Started conversation May 4, 2004
It's incorrect to say that "gyratory system" is just the name for a roundabout that has got too big for its boots. In fact it's the original term which was soon displaced when they became common.
I'm not sure if the term "gyratory circus" was ever really used. There are a number of junctions in London known as circuses after the circular range of buildings around them. This was a particularly 18th century fashion, so of course the most famously beautiful one is in Bath.
The OED says of "gyratory":
Applied to a system of directing road traffic round a roundabout or through a system of one-way streets to avoid the need for one line of traffic to intersect another.
1909 Westm. Gaz. 7 Aug. 4/2 The gyratory principle, by which vehicles are directed into circular lines ingeniously devised to avoid intersection. 1926 Rep. Comm. Police Metropolis, 1925 16 in Parl. Papers (Cmd. 2660) XV. 239 Gyratory systems for the circulation of traffic, after years of discussion, reached the point of practical demonstration this year. 1928 Observer 5 Feb. 13/7 Now that every week dedicates a new bunch of streets to the Gyratory System. 1966 Guardian 8 Sept. 5/4 A new gyratory road system to ease traffic congestion..is to be built..at Stretford.
And of "roundabout":
A junction at which traffic moves one way round a central island. Cf. RONDPOINT b, ROTARY n. 3.
1927 Glasgow Herald 3 Jan. 7/2 There is only one draw~back to the roundabout, and that is the inconvenience caused to pedestrians. 1937 Times 13 Apr. (British Motor No.) p. viii/1 Roundabouts..have the advantage of keeping vehicles on the move. 1947 Daily Mail 22 May 3/4 Removal of the Mansion House to make room for a big round-about. 1955 Times 2 Aug. 9/7 Makeshift tactics are particularly evident in the proposed treatment at Hyde Park Corner which includes an extremely complicated roundabout. 1967 Listener 28 Sept. 398/1 People make only occasional use of their speedometer..on such critical occasions as the approach to roundabouts. 1977 Belfast Tel. 14 Feb. 5/9, 12 shots were fired at an armoured police vehicle near the roundabout at Narrow~water Castle.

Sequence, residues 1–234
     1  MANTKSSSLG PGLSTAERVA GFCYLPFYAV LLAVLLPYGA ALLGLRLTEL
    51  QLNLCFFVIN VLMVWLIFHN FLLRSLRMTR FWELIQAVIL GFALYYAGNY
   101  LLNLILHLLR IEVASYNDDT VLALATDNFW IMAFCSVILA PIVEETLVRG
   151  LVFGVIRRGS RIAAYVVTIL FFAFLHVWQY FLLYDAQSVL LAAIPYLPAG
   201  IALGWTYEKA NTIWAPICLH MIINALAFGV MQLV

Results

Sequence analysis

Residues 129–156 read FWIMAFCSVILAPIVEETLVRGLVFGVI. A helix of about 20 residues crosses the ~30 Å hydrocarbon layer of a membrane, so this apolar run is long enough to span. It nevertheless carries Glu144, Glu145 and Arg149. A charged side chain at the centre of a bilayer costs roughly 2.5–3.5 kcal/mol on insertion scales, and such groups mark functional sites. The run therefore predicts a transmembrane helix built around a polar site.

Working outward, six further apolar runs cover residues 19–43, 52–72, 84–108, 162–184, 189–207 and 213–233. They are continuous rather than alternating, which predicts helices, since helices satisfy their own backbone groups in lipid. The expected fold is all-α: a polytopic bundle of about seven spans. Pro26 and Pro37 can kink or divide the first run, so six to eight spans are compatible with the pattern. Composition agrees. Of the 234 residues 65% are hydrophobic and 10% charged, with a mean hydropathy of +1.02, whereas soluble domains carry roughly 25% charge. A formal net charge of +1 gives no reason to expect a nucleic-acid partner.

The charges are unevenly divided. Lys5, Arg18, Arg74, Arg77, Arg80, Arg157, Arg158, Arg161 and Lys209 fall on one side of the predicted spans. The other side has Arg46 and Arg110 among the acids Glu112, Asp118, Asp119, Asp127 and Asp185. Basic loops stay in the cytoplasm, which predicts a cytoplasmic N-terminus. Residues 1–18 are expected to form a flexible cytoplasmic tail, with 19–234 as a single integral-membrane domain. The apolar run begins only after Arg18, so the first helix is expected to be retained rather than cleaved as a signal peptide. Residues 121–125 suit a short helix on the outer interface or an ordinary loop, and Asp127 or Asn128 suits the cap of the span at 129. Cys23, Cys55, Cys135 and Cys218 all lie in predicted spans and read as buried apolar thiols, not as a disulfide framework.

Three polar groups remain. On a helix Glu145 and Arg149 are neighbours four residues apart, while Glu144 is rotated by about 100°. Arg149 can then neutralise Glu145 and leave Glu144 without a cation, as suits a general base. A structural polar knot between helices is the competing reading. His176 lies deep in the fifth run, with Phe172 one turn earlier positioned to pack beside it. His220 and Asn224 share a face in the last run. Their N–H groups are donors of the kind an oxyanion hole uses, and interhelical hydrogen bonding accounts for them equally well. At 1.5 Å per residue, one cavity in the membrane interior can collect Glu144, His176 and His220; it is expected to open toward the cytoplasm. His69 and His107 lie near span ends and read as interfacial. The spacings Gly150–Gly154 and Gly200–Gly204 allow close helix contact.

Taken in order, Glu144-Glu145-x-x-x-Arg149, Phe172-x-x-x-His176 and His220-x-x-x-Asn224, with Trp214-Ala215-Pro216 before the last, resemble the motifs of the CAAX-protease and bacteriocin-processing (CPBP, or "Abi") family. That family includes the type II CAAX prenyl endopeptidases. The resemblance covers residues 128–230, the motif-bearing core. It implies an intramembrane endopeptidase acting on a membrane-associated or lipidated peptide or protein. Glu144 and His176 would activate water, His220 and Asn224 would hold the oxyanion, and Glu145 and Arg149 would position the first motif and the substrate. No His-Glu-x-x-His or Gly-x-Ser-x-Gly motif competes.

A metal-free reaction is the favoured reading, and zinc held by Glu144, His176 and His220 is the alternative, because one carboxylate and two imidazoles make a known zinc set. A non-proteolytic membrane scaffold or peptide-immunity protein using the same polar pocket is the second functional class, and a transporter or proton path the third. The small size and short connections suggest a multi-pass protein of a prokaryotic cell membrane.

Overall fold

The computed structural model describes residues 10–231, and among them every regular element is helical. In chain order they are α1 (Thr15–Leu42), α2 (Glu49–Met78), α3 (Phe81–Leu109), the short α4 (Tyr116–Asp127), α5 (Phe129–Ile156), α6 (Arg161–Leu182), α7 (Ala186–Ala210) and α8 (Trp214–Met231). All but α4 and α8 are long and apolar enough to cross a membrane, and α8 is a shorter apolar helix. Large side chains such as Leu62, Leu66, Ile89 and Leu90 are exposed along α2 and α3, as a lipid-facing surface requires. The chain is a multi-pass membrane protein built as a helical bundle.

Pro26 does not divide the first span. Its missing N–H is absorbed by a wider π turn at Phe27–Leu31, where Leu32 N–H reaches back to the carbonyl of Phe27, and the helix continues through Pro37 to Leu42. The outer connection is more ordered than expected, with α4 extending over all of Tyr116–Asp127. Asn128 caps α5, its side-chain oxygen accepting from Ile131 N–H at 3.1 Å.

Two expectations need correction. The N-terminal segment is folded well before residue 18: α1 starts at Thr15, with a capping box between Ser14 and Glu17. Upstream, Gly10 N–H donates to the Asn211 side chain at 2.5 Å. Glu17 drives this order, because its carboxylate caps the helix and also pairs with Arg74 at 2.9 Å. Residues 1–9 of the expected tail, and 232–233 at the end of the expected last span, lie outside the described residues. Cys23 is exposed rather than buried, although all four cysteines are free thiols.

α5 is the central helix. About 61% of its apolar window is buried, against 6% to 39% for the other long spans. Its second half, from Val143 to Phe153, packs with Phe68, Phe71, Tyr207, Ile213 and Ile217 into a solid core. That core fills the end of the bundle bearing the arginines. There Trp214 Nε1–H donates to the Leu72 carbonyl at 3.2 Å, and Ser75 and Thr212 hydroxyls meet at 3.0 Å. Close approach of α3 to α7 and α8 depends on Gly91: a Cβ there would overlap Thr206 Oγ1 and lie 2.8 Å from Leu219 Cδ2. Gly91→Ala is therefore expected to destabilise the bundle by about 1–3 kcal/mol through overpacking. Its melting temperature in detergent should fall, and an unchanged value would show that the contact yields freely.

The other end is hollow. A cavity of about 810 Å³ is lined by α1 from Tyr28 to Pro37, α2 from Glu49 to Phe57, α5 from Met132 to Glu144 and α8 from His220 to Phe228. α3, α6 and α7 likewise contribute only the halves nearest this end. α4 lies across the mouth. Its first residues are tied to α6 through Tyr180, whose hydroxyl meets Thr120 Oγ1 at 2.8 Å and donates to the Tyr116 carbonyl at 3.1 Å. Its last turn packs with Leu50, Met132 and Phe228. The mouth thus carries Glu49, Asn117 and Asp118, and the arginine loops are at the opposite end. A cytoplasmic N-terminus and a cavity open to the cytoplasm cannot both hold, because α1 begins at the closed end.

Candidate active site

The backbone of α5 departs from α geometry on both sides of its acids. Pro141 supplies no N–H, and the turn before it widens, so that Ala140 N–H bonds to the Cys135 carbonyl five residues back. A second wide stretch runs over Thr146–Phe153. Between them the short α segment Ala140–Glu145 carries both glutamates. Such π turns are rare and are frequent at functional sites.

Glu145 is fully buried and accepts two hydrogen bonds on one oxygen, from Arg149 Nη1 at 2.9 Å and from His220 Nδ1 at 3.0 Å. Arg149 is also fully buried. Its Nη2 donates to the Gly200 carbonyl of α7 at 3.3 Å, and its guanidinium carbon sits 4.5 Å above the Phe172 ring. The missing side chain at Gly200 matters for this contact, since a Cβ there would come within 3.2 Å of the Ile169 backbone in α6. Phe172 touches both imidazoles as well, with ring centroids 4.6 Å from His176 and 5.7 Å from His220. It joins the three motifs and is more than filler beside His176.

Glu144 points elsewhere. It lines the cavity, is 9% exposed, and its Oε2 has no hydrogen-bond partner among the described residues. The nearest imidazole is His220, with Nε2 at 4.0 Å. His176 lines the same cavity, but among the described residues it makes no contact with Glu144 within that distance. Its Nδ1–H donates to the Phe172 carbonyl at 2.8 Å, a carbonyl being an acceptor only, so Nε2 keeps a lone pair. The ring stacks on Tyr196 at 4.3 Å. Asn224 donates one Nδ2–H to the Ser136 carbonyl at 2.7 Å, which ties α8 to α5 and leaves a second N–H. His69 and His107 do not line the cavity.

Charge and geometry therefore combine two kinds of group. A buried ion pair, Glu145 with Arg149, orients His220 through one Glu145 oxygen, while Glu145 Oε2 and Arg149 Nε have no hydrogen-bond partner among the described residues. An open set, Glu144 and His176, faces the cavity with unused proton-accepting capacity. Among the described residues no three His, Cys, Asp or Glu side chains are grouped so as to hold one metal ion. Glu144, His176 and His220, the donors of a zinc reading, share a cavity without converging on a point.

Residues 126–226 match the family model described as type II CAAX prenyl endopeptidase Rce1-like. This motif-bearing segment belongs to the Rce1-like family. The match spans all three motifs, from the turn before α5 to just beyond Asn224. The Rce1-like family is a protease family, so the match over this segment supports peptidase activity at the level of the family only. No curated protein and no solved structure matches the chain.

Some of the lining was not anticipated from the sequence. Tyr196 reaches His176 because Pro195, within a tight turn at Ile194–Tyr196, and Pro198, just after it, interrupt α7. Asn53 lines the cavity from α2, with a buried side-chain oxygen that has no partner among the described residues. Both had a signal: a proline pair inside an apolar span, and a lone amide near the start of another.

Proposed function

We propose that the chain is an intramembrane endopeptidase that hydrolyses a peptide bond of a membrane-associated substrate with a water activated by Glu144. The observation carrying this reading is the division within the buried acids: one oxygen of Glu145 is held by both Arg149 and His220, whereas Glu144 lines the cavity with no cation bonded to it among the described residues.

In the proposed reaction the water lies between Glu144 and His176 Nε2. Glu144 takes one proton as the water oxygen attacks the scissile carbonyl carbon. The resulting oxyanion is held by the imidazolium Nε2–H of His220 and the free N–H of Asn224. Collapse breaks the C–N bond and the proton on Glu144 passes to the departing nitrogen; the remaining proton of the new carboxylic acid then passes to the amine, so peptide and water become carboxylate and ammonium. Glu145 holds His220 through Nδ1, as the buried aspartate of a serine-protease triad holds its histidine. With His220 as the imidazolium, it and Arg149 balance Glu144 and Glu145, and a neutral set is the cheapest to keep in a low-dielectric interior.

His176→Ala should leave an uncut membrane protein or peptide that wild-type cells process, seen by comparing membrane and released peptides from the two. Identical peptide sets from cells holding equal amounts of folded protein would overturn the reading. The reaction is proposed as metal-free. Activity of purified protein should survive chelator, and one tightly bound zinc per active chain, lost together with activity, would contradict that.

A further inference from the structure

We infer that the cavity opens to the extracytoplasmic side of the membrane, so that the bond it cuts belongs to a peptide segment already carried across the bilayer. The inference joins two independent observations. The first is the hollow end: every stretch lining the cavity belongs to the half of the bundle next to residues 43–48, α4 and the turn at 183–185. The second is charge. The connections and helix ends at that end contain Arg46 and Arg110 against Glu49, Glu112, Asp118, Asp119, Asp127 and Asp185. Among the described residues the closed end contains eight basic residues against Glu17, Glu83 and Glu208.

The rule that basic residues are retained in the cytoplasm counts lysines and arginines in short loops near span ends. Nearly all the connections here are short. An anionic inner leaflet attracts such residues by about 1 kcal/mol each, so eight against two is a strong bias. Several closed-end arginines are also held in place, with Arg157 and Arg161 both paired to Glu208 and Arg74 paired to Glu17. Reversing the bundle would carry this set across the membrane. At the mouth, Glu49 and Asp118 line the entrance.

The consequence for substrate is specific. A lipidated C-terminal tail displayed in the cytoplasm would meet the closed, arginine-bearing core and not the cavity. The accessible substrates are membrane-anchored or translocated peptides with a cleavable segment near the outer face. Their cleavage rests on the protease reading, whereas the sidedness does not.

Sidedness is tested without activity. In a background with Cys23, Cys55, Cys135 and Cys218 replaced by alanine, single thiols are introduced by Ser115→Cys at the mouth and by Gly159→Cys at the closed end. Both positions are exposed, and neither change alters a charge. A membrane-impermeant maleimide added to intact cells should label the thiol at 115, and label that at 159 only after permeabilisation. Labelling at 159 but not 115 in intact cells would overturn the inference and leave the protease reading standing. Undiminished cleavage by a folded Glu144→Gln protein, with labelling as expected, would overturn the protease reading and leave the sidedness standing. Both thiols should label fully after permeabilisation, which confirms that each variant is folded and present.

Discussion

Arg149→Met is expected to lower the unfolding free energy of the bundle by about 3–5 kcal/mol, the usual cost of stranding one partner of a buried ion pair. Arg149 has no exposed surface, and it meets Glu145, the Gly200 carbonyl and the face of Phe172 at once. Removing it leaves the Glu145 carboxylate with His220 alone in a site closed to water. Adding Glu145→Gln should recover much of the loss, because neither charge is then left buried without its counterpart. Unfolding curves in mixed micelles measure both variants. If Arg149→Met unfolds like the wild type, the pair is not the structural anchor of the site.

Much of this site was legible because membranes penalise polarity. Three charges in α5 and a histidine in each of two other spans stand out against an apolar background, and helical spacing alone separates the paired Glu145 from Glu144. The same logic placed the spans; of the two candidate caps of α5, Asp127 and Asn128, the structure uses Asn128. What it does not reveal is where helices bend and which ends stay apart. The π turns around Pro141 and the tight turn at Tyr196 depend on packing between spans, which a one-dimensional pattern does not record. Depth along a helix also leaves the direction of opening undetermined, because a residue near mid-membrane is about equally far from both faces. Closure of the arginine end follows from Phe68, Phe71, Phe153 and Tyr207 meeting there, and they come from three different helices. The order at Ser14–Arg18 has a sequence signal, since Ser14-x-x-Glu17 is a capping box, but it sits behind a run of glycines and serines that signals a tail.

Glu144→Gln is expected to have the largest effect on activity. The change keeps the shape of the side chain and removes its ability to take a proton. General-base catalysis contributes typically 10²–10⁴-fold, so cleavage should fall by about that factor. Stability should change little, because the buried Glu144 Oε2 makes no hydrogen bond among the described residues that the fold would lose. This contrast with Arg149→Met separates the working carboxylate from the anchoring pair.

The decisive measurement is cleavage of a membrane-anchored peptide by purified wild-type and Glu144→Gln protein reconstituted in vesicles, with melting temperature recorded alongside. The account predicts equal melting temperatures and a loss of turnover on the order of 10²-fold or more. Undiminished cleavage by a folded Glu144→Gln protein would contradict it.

And of "circus":
A circular range of houses. Also, a traffic roundabout. Often in proper names as Oxford Circus, Regent Circus.
1714 POPE Rape Lock IV. 117 Sooner shall Grass in Hide-Park Circus grow. 1766 ANSTEY Bath Guide II. ix. 57 To breathe a purer Air In the Circus or the Square. 1771 SMOLLETT Humph. Cl. 23 Apr., The same artist who planned the Circus has likewise projected a crescent [at Bath]. Ibid. The Circus is a pretty bauble..and looks like Vespasian's amphitheatre turned outside in. 1794 Looker-on No. 89 The squares and circuses are no longer the only scenes of dignified dissipation. 1898 Tit-Bits 15 Jan. 300/3 Bridges, of light and tasty design, across all the main thoroughfares, and at the various ‘circuses’ and cross roads.
Posted Sep 2, 2004
I'm a little confused. The definitions you gave seem to support the idea that there *is* a difference between a roundabout and a gyratory.
Those definitions say that a roundabout is a junction, while a gyratory is a particular kind of one way system.
Of course a roundabout could be viewed as a very small one way system, so you could argue that all roundabouts are gyratories. But not all gyratories are really roundabouts according to the definitions you produced. (Specifically, a gyratory consisting of more than one junction is, by definition, not a roundabout.)
But in practice, isn't the common usage pretty much as I suggested? I'm only actually aware of two road systems commonly referred to as gyratories - one is the subject of this article, and the other is in Reading. And both of them are distinctly on the large side. In particular, they both have multiple junctions.
So the common usage of the word seems to be to describe overgrown roundabouts (and more specifically, multi-junction ones) in practice.
Can you point to any counterexamples in real use? I'm just going on the gyratories I know - I've not done any exhaustive research on gryatories across the nation.
Posted Aug 12, 2005
There is a gyratory system at Park Gate near Southampton that consists of a pair of roundabouts connected by a pair of one way carriage ways.
Posted Aug 12, 2005
I have to correct my previous entry because, while I have heard it called the Park Gate gyratory system, it is not recorded as a gyratory system on Hampshire's register of adopted roads. It is recorded as the following separate components... Botley Road roundabout, the Bridge Road dual carriageway and the Brook Lane roundabout.
However, I find there is a gyratory system just east of Park Gate on the A27 at Titchfield and this is a large roundabout with traffic lights and many junctions.
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